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Tag Archives: Helmets

Doctors urge NRL to be consistent on lifting tackles to avoid more injuries like Alex McKinnon’s

Speaking with News Limited, specialist sports physician Dr Rob Reid — a spokesman for Sports Medicine Australia — said a “lack of consistency” on lifting tackles had worried his organisation for some time.

The revelation comes as NRL Head of Football Todd Greenberg told media on Wednesday that while his organisation was “analyzing data” on the prevalence of lifting tackles in 2014, they would not be rushed into making changes to how the tackle was policed.

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HBO’s “REAL SPORTS” examines safety in the Professional Bull Riding

When “REAL SPORTS” first visited the PBR in 2009, the debate over requiring riders to wear helmets to help prevent concussions and other traumatic brain injuries was heating up. In January this year, correspondent Jon Frankel visited the 2014 BFTS season opener in New York City, which featured the world’s Top 35 bull riders. “REAL SPORTS” and its cameras captured a progressed PBR in which most of the top riders have traded in their cowboy hats for helmets and new riders are required to wear them.

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Racing’s concussion problem: Lowering risk for head injuries among NASCAR drivers

While concussions are commonly associated with football and contact sports, race car drivers are at risk, too.

“We’re different than a lot of stick and ball sports because we’re not a contact sport, but we do have accidents and crashes at the race track,” John Bobo, NASCAR’s senior director of racing operations, told FoxNews.com. “We average two or three [concussions] a year.”

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Head, neck injury risk associated with extreme sports

Extreme sports are a significant risk factor for head and neck injuries, according to a study presented at the 2014 American Academy of Orthopedic Surgeons (AAOS).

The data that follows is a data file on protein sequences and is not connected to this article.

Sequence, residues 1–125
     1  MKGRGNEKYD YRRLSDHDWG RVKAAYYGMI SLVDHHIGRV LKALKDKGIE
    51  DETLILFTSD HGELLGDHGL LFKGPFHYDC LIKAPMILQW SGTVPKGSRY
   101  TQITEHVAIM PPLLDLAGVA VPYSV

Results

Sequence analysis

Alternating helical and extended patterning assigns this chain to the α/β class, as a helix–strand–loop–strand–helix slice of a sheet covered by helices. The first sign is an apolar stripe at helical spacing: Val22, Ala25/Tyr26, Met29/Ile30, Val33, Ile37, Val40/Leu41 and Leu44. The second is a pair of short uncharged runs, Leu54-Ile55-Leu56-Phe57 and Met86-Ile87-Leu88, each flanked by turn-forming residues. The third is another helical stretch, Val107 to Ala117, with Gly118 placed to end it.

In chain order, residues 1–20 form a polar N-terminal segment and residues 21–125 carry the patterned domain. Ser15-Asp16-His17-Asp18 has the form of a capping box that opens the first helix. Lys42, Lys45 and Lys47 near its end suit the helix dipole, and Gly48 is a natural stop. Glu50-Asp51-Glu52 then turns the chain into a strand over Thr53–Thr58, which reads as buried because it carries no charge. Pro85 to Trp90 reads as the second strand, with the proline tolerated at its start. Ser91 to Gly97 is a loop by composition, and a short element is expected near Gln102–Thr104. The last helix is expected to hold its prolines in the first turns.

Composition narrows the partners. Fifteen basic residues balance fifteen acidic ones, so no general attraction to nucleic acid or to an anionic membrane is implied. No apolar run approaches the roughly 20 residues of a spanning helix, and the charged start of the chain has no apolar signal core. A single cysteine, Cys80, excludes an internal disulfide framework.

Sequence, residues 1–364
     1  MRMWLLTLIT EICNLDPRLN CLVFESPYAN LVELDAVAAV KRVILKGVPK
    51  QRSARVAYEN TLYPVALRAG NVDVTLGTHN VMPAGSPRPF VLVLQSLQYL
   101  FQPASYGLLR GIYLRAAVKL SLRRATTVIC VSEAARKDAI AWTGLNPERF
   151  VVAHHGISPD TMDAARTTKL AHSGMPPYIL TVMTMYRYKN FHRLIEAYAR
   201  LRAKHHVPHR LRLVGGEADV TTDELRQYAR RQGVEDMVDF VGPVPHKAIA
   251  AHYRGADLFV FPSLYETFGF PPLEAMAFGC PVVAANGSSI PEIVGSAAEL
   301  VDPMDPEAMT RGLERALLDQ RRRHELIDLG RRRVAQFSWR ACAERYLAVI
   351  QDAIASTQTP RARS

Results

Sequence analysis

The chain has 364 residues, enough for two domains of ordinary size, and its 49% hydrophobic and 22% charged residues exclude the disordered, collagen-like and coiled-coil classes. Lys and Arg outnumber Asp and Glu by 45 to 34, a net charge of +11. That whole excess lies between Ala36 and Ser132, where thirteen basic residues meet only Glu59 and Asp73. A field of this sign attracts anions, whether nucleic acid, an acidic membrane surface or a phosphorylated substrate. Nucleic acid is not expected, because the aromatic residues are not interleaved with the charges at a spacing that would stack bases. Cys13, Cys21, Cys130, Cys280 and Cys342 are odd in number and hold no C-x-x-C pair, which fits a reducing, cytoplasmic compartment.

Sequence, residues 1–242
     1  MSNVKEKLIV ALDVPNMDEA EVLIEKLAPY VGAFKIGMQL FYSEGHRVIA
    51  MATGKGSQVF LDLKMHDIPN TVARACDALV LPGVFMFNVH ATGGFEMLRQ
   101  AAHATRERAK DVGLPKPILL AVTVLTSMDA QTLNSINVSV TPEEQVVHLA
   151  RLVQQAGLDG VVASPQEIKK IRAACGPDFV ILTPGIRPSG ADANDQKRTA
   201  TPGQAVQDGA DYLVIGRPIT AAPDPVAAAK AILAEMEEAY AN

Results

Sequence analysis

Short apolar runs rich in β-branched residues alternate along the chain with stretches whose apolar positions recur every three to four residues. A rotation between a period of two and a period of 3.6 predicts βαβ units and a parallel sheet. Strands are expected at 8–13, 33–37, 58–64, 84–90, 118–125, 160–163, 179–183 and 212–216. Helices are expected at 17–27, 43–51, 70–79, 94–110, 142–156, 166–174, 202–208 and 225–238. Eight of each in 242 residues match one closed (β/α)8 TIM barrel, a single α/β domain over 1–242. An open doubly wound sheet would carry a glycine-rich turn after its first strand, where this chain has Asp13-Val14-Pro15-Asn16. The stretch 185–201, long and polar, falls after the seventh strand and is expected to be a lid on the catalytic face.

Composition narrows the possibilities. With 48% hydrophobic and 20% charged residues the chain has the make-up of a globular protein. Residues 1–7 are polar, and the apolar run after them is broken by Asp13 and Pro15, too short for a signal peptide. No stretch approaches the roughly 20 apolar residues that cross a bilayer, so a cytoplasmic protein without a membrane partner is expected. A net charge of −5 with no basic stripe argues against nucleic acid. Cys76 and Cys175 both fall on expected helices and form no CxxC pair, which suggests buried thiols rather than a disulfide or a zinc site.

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In era of safety, pitchers remain dangerously exposed

One of the greatest fears shared by major-league pitchers — and hitters — was realized at a spring training game in Surprise, Ariz., last Wednesday night: Aroldis Chapman, the fireballing Cincinnati Reds closer, was hit flush in the face by a line drive off the bat of Kansas City Royals catcher Salvador Perez.

The circumstances were downright frightening: A fastball from perhaps the hardest-throwing pitcher in the sport was pulverized by a powerful young hitter. The impact to Chapman’s head came a fraction of a second later.

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Study Showing Helmet Design Can Reduce Concussion Risk Leaves Many Questions Unanswered

The design of football helmets can effect concussion risk, finds a new study by some of the nation’s top concussion researchers.

The study provides what the authors say is good clinical evidence that helmet design can lower the risk of concussion, not in a laboratory, but in games and practices, by showing that a helmet model introduced in 2000 provides better protection against concussion than an older helmet employing 20-year-old design technology. 

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Daytona 500: Is NASCAR Facing An NFL-Style Concussion Crisis?

As NASCAR began the 2014 season with the sport’s biggest race, the Daytona 500, one of the questions to ask is how many of these drivers will suffer a concussion during the course of the year, how many of them will have it properly diagnosed and fully recover before they get behind the wheel, and what will be the long-term effects of these brain injuries?

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Football Helmets Don’t Protect Side of Head From Blows in Tests

Players using current football helmets aren’t adequately protected against hits to the side of the head, which can lead to sometimes-lethal concussions and brain swelling, researchers said.

Ten helmets tested by researchers reduced the likelihood of traumatic brain injury by an average of 20 percent compared with no helmet in a simulation using crash test dummies. The most effective helmet reduced the risk by only 30 percent, according to data released today.

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New study on football helmet safety

They are the first line of defense in a violent sport but just how much protection do football helmets provide?

A new study reveals the ones currently used on the field may do little.

It’s been thought that helmets are better at protecting the skull than the brain.

Especially important for young athletes who’s brains are still developing. But so using new technology, these researchers put some popular helmets to the test, and here’s what they found.

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Safely returning teens to sports after a concussion

Many parents wonder how soon after their child suffers a concussion is it safe to let their child play sports.

Doctors at the University at Buffalo may have discovered a testing process to safely allow athletes back in the game sooner. And along the way, they found some results that might scare some parents.

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